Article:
Ministers’ mixed messages on freedom and rights

By Savi Hensman
October 1, 2014

The UK government may limit free speech for law-abiding members of minority communities in order to defend British values such as free speech and respect for minorities, home secretary Theresa May has threatened.

The Home Secretary was speaking at the Conservative Party conference. Earlier speakers had pledged yet more cuts, which will further undermine economic and social rights. Her talk raised grave concern about the protection of political rights.

Prejudice and narrow-mindedness can be found among people of all religions and none and should indeed be challenged. Yet the measures she outlined left many worried, including senior figures in her own party.

She attacked Liberal Democrats for their stance against mass electronic surveillance, calling them “outrageously irresponsible, because innocent people are in danger right now. If we do not act, we risk sleepwalking into a society in which crime can no longer be investigated and terrorists can plot their murderous schemes undisrupted.”

"We utterly reject the allegation that the blocking of the Communications Data Bill has put lives at risk,” the Liberal Democrats – who are in coalition with the Tories – stated afterwards. "Police already have the ability to obtain data in urgent cases where lives are in danger.”

They accused her of “peddling misinformation in a vain attempt to get the so-called ‘Snooper’s Charter’ back on the table.”

In her speech, May also declared that “I want to see new civil powers to target extremists who stay just within the law but still spread poisonous hatred,” announcing banning orders and ‘extremism disruption orders’.

But laws already exist against hate speech and abusive and insulting words and pictures aimed at harassing others. This raises questions about how loosely the ‘non-violent extremism’ she targets might be defined, as well as the level of evidence required before someone’s freedom is severely restricted.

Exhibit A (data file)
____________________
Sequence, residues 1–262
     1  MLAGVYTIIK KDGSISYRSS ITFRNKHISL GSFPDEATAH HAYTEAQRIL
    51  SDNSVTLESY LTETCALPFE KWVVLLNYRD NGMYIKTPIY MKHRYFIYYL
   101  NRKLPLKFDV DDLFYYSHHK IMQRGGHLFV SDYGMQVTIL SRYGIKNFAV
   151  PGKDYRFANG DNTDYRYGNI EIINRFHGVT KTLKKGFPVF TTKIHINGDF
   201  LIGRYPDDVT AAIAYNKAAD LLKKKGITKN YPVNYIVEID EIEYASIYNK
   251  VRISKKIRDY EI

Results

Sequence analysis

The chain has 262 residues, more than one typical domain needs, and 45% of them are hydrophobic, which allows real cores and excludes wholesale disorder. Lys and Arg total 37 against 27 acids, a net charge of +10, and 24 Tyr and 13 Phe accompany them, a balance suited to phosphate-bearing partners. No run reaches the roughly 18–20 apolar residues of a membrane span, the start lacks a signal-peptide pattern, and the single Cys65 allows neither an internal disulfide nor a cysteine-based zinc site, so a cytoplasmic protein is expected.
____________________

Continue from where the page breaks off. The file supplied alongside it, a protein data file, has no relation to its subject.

“All British people – including British Muslims – are free to practise their faith,” she claimed, but living in a pluralistic society brings responsibilities as well as rights. “You don’t just get the freedom to live how you choose to live. You have to respect other people’s right to do so too. And you have to respect British values and institutions. The rule of law. Democracy. Equality. Free speech. And respect for minorities.”

Government ministers’ respect for equality has not been obvious during the conference. Earlier, chancellor George Osborne announced further social security cuts to some of the poorest, including working families hit by soaring rents and low pay. Ernst and Young recently warned that middle-income earners face three more years of falling wages – in all a “lost decade” of real wage growth.

Yet in May the Sunday Times announced that in the past five years, amidst the economic crisis, the combined wealth of Britain’s thousand richest people doubled to £519 billion.

It would appear that free speech too is under threat, in ways that may provoke anger and weaken the rule of law.

New measures could "simply fuel resentment", warned former attorney general Dominic Grieve. "If there is to be any restriction on the freedom of expression outside the criminal law – we have to tread very carefully," he told the BBC.

Many in Britain will assume that it is only their neighbours who might be targeted – until they are affected themselves. Unless public awareness of what is as stake increases, hard-won liberties and advances may be lost.


© Savitri Hensman is a widely published Christian commentator on politics, welfare, religion and more. An Ekklesia associate, she works in the equalities and care sector

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